Re: [S-R] Re: requesting resources
- You have more info for your chart. If Johannes is the Grandfathers brother:
Father- Johannes, Mother - JuliannaeKubal'a [Kuhbalya] address: Dluha Number 164
Maria Horvath Father Johannes, (Jan [Jahn] [Hohrr-vaty] (this hungarian thth in Slovak is a "t", pronounced with your tounge on the roof of your mouth. The closest I can come to proununciation spelling is "ty") Mother, Figura [Feeguh-rah]
Address: Dluha Number 8.
If Peter has the same address and Jan, They are related
From: John <johnqadam@...>
Sent: Thursday, September 6, 2012 7:48 PM
Subject: [S-R] Re: requesting resources
>>> At a recent family picnic, I brought a family group sheet, which quickly grew to a dozen. Everyone was more than willing to add to the information. . . . My grandfather-in-law (Peter Cizmar) . . . Dluka, Slovakia in 1923. Does anyone have any info on this town or Roman Catholic churches there? <<<Further to the previous reply, we can add a couple of generations in that the marriage of Joannes CSIZSMAR to Maria HORVATH on 31 January 1870 is found at: https://familysearch.org/pal:/MM9.3.1/TH-1951-22638-26571-24?cc=1554443&wc=MMYV-LVX:1611666687
page 406/747 and it tells you their age parents.
The church records are VERY confusing as to layout and so I will use a separate reply to sort them out for you.
[Non-text portions of this message have been removed]
- Welcome, John.
I'm a little delayed in reading e-mails, so if I give duplicate information, please forgive me.
Actually, I just found Peter's WWII draft card on family search.
Peter Cizmar: 2341 Canal St. Blue Island, Cook County, Ill
Born 22 May, 1894 in Dluka (spelled as clear as a bell), Czechoslovakia.
Works for the railroad. Looks like Mary Cizmar is his contact person, living at the same address.
There is a photo of the draft card online that you can print up for your records.
Found the family on the 1930 census, but I can't view it. The info does show up on the family search site. Peter's wife, Mary, was born in Illinois but her parents were born in Slovakia.
There is a brother-in-law, Charles Krizik, living with the family. He is born in Illinois as well. I am going to presume that he is Mary's brother and that her maiden name is Krizik.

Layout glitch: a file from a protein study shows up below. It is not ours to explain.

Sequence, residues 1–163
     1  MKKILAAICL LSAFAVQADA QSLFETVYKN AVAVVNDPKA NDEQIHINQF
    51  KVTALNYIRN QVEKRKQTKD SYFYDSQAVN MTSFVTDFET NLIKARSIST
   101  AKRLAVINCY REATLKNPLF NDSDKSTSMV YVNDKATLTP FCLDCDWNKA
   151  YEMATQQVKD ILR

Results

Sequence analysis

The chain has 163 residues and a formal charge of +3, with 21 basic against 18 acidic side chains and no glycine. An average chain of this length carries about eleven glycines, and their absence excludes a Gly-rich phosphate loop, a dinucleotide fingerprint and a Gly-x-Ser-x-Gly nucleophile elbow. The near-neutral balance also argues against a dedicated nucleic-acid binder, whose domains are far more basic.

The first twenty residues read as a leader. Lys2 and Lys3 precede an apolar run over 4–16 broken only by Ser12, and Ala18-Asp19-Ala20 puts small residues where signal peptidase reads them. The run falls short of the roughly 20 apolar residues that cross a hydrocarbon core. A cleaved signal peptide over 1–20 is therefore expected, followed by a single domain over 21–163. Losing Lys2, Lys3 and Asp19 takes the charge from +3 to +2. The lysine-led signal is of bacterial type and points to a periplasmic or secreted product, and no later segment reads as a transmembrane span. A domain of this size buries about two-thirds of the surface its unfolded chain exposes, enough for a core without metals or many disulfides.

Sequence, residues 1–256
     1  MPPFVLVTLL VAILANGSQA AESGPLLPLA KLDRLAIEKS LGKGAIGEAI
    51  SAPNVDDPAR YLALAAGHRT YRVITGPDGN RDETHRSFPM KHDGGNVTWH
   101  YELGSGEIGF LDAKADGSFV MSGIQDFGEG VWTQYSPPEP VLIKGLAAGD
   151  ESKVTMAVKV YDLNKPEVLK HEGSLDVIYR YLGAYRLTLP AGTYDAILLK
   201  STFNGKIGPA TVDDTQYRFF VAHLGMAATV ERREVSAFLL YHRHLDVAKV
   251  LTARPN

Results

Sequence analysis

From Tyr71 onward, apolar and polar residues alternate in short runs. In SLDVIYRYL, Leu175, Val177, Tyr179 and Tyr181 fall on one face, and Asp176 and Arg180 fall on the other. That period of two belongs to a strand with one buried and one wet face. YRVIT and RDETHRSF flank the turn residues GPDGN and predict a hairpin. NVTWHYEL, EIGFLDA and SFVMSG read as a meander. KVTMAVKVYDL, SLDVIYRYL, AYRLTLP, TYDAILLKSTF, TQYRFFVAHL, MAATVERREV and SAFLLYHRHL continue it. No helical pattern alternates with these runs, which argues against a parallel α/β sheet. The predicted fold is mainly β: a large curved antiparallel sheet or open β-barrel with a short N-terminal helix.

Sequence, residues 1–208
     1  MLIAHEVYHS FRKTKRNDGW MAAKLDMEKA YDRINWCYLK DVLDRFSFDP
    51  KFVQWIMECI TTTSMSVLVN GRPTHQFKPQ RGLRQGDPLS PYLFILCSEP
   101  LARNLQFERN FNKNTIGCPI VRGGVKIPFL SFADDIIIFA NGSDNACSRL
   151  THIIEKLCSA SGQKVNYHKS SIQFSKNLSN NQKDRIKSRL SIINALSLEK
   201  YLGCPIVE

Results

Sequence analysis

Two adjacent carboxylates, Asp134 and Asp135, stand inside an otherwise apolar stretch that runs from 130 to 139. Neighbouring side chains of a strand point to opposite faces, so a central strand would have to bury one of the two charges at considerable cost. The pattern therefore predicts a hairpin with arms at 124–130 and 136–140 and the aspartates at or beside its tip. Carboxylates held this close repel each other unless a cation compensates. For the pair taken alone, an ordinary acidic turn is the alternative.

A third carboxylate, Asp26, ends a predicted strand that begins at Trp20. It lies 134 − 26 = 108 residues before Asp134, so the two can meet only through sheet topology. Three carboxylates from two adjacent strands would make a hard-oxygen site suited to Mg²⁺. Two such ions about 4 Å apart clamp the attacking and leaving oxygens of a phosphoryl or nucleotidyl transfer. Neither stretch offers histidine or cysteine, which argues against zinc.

Quite by surprise, I found Mary Krizik traveling on the President Harding on Sept. 5, 1923. She was born 7 Jan. 1903 in Blue island, Ill. That info co-incides with her age on the 1930 census. She states that she is traveling to her Brother-in-law Stefan Misojev in Blue island, Ill. Could be a different Mary Krizik, but since you seemed to know that Peter came over in 1923, it would definitely be worth your perusing the manifest for this same ship to see if you can find Peter coming over.
US citizens are listed on a separate page from immigrants.
You can find the ship on stevemorse.org missing manifest pages and peruse through, page by page, to see if you can find Peter on the manifest. It's a long shot, but one that I would certainly look through.
He doesn't come up under the search, but I have found names that were either missed going into the index, or transcribed horribly.
Also, you can look for marriage records in Blue Island, Illinois to see if Peter's birth place and/or parents are mentioned in the record.
Just out of interest, I searched on Stefan Misolej, and found one coming over from Likavka to Chicago Illinois.
When I checked on cisarek'a village finder, it just so happens that Likavka borders the town of Dlha Luka, which is joined to the town of Kvacany. Don't see any Cizmar's under the surname for this town, but it certainly is worth investigating further.
I'd be very interested in seeing what you turn up.
Any questions, feel free to ask.
--- In SLOVAK-ROOTS@yahoogroups.com, "hibnerjohn" <hibnerjohn@...> wrote:
> Hello Slovak-roots list. My name is John Hibner and I am new to this list, as well as new to researching my in-laws' family history. I have accepted this challenge for the sake of my 82-year-old mother-in-law.
> She had recently become upset that she couldn't recall her deceased brother's physical features. She comes from a family of 10 children. Her father and mother both worked for the railroad in Chicago. She is very proud of her heritage. But no one from my wife's side of the family has ever done any genealogy.
> At a recent family picnic, I brought a family group sheet, which quickly grew to a dozen. Everyone was more than willing to add to the information.
> My question to this group, is once I have gathered the info from current family members, where do I go to research Slovak immigrants? My grandfather-in-law (Peter Cizmar) traveled between Quebec and Dluka, Slovakia in 1923. Does anyone have any info on this town or Roman Catholic churches there?